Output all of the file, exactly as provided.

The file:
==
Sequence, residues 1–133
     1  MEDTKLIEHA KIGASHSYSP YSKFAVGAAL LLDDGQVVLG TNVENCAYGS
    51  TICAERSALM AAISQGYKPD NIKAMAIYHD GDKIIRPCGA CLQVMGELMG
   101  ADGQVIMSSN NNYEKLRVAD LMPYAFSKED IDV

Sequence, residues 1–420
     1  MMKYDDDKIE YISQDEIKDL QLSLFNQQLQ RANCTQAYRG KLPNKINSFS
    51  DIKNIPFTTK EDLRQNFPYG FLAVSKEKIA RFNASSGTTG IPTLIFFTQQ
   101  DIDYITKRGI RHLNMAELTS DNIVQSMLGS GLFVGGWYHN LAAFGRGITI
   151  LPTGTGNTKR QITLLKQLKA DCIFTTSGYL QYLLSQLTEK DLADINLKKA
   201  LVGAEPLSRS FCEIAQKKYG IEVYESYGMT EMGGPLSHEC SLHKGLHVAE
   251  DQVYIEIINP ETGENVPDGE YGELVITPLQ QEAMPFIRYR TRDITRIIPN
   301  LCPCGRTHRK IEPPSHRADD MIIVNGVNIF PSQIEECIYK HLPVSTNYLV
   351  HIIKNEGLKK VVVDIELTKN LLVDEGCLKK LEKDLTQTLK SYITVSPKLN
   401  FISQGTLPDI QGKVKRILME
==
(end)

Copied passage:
Sequence, residues 1–133
     1  MEDTKLIEHA KIGASHSYSP YSKFAVGAAL LLDDGQVVLG TNVENCAYGS
    51  TICAERSALM AAISQGYKPD NIKAMAIYHD GDKIIRPCGA CLQVMGELMG
   101  ADGQVIMSSN NNYEKLRVAD LMPYAFSKED IDV

Sequence, residues 1–420
     1  MMKYDDDKIE YISQDEIKDL QLSLFNQQLQ RANCTQAYRG KLPNKINSFS
    51  DIKNIPFTTK EDLRQNFPYG FLAVSKEKIA RFNASSGTTG IPTLIFFTQQ
   101  DIDYITKRGI RHLNMAELTS DNIVQSMLGS GLFVGGWYHN LAAFGRGITI
   151  LPTGTGNTKR QITLLKQLKA DCIFTTSGYL QYLLSQLTEK DLADINLKKA
   201  LVGAEPLSRS FCEIAQKKYG IEVYESYGMT EMGGPLSHEC SLHKGLHVAE
   251  DQVYIEIINP ETGENVPDGE YGELVITPLQ QEAMPFIRYR TRDITRIIPN
   301  LCPCGRTHRK IEPPSHRADD MIIVNGVNIF PSQIEECIYK HLPVSTNYLV
   351  HIIKNEGLKK VVVDIELTKN LLVDEGCLKK LEKDLTQTLK SYITVSPKLN
   401  FISQGTLPDI QGKVKRILME